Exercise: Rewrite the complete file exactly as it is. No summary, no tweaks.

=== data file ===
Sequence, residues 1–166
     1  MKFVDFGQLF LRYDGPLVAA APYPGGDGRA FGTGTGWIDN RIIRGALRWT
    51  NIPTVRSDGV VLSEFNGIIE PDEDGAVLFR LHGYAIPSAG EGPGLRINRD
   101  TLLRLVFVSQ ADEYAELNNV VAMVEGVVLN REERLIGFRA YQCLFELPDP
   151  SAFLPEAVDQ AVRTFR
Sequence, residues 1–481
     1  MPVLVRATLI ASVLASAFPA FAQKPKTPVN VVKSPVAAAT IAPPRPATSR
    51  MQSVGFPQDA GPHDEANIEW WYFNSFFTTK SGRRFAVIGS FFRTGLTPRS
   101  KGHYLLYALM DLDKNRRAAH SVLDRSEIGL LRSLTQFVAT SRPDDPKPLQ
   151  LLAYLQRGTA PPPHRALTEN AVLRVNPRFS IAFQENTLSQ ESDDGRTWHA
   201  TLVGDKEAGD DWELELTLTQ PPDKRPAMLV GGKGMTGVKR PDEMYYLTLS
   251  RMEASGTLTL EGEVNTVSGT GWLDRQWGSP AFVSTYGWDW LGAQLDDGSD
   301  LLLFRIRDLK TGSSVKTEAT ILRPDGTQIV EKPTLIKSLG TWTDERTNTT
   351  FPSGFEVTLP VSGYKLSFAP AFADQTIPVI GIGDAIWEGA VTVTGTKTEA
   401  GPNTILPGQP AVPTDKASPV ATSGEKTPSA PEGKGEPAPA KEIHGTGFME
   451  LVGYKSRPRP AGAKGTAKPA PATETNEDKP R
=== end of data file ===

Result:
Sequence, residues 1–166
     1  MKFVDFGQLF LRYDGPLVAA APYPGGDGRA FGTGTGWIDN RIIRGALRWT
    51  NIPTVRSDGV VLSEFNGIIE PDEDGAVLFR LHGYAIPSAG EGPGLRINRD
   101  TLLRLVFVSQ ADEYAELNNV VAMVEGVVLN REERLIGFRA YQCLFELPDP
   151  SAFLPEAVDQ AVRTFR
Sequence, residues 1–481
     1  MPVLVRATLI ASVLASAFPA FAQKPKTPVN VVKSPVAAAT IAPPRPATSR
    51  MQSVGFPQDA GPHDEANIEW WYFNSFFTTK SGRRFAVIGS FFRTGLTPRS
   101  KGHYLLYALM DLDKNRRAAH SVLDRSEIGL LRSLTQFVAT SRPDDPKPLQ
   151  LLAYLQRGTA PPPHRALTEN AVLRVNPRFS IAFQENTLSQ ESDDGRTWHA
   201  TLVGDKEAGD DWELELTLTQ PPDKRPAMLV GGKGMTGVKR PDEMYYLTLS
   251  RMEASGTLTL EGEVNTVSGT GWLDRQWGSP AFVSTYGWDW LGAQLDDGSD
   301  LLLFRIRDLK TGSSVKTEAT ILRPDGTQIV EKPTLIKSLG TWTDERTNTT
   351  FPSGFEVTLP VSGYKLSFAP AFADQTIPVI GIGDAIWEGA VTVTGTKTEA
   401  GPNTILPGQP AVPTDKASPV ATSGEKTPSA PEGKGEPAPA KEIHGTGFME
   451  LVGYKSRPRP AGAKGTAKPA PATETNEDKP R